Well, it’s a kit, so it’s kind of cheating. The other project was the Theramin, which I worked on for days. Anyway, this is a cute little kit you can buy for about $22 that, once assembled, can program pretty much any Atmel microcontroller IC. It’s pretty cool – for real. Anyway, it only took about 45 minutes (I was being careful soldering, could have had it done in 20 if I was hurrying). I’m very happy with the result – it lights up when I plug it into USB, and avrdude can talk to it. Now I just have to build a little header for my chip, and I can start breadboarding with it. The header pins are in the mail!

Flickr Tag Error: Bad call to display set '72157625847794027'

Error state follows:

  • stat: fail
  • code: 95
  • message: SSL is required

Pocket Theramin: Project Complete!

I finally finished my second real electronic project: The Pocket Theramin. I made a few changes/improvements to the design found here, and I really like my result. The basic circuit is exactly the same, but I added an LED and a toggle switch so I can keep it together as one unit all the time.

Also, I discovered that MAKE: Electronics is an awesome book. I highly recommend purchasing yourself a copy.

Flickr Tag Error: Bad call to display set '72157625843821033'

Error state follows:

  • stat: fail
  • code: 95
  • message: SSL is required

MintyBoost XL: Almost Finished!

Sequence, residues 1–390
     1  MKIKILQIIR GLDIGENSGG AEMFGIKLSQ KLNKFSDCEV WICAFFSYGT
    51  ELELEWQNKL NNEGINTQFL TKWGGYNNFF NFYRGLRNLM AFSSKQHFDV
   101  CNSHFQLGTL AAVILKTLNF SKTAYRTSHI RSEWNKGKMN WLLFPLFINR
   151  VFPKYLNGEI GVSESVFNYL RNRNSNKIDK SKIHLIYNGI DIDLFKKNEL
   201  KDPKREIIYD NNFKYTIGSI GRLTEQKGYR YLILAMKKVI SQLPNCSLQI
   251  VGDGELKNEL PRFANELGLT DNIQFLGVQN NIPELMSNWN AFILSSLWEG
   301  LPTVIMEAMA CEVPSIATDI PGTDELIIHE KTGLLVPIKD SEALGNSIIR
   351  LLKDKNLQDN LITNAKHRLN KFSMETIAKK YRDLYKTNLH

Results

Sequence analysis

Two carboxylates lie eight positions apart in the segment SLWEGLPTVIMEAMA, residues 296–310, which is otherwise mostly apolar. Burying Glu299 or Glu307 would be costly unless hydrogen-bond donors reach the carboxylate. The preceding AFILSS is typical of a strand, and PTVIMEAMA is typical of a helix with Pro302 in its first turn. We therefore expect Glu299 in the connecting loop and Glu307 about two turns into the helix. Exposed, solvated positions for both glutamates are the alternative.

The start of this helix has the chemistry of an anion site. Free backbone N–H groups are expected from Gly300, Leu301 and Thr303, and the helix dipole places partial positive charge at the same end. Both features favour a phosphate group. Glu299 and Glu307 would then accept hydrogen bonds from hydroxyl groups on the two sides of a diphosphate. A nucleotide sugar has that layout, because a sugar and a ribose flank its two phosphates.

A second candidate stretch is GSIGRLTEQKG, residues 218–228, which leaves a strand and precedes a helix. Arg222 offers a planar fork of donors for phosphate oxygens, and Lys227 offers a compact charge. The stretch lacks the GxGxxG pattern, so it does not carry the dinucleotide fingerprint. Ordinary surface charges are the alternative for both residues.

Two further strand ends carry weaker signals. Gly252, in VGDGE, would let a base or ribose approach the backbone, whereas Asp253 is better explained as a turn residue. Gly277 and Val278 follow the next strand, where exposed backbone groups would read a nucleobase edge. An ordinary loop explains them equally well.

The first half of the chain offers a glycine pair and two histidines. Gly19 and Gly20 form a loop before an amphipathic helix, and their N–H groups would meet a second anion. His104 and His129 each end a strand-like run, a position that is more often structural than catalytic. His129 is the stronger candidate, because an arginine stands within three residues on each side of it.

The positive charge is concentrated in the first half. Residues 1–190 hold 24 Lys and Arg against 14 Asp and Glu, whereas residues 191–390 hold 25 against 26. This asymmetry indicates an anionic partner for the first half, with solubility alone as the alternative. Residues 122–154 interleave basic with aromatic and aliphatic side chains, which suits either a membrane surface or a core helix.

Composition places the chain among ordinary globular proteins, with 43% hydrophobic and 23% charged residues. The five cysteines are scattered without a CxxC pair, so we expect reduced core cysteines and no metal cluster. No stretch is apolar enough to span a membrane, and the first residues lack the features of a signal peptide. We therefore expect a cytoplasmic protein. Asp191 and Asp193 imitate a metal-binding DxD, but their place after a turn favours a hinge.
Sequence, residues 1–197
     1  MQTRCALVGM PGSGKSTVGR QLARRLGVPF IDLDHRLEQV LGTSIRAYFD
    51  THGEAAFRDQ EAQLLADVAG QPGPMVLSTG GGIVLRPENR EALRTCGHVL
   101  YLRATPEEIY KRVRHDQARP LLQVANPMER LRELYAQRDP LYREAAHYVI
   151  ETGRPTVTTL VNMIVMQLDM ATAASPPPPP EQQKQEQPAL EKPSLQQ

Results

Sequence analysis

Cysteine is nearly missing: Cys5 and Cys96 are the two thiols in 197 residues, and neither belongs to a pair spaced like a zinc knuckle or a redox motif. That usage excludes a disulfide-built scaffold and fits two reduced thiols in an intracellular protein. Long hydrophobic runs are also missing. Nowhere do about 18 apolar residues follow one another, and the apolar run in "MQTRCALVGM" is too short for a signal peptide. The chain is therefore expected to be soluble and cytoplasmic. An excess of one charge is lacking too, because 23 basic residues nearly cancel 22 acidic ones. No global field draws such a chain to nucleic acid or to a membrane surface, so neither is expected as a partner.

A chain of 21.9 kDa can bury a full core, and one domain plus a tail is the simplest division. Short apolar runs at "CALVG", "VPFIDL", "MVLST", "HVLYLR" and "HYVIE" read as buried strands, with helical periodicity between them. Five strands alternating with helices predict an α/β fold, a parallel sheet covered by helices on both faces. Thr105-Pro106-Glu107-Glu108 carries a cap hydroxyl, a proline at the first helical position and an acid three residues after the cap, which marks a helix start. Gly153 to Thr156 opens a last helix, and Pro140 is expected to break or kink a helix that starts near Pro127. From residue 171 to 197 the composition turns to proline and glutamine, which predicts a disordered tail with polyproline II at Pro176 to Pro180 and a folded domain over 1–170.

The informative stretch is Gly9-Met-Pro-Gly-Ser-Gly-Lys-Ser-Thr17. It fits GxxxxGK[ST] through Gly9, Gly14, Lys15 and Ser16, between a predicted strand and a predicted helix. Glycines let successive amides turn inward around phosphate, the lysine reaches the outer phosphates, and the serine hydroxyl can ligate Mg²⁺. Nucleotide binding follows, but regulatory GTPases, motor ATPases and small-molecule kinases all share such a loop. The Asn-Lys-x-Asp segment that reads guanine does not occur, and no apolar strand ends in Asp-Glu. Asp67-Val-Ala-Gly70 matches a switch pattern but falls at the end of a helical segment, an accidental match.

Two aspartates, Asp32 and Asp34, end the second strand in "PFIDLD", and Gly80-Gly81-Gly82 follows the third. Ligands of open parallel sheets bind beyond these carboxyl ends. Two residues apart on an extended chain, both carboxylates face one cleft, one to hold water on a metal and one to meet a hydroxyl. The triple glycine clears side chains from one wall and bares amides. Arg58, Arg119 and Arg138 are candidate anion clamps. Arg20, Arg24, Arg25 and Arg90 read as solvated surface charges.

Well, I finally drilled my PCB for my MintyBoost XL last night, and it was a great success. If you need PCB drill bits, order them from stevie66 on ebay. I got various sizes from 50 to 85, but I found the 65 to be the most useful. I used it to drill all but the largest holes on the board.

Flickr Tag Error: Call to display photo '5394561101' failed.

Error state follows:

  • stat: fail
  • code: 95
  • message: SSL is required

Once that was done, I soldered it all together. It came out very nicely. I struggled the most with the mint tin!

Flickr Tag Error: Call to display photo '5395156442' failed.

Error state follows:

  • stat: fail
  • code: 95
  • message: SSL is required

I hooked it up and tested the input: about 2.3v. Then, I carefully tested the USB output power pins: 5.03V! This thing works beautifully.

Flickr Tag Error: Call to display photo '5395157098' failed.

Error state follows:

  • stat: fail
  • code: 95
  • message: SSL is required

I found an issue with my implementation of this project, though. The LT1303 IC doesn’t support current above 200mA, so my phone rejects the charge after about 5 seconds. I found out you can request samples directly from Linear, so I’ll be trying out a 1302, and perhaps redesigning the board to use a newer generation chip I’m sampling from Linear Technology.

Overall, this is great for the intermediate electronics nerd who wants to take a circuit from board layout in Eagle to working semi-professional product! I had a lot of fun doing it, and making small modifications will be even more fun.

Making my own PCBs

I’ve always wanted to make my own PCB, so today is a special day for me.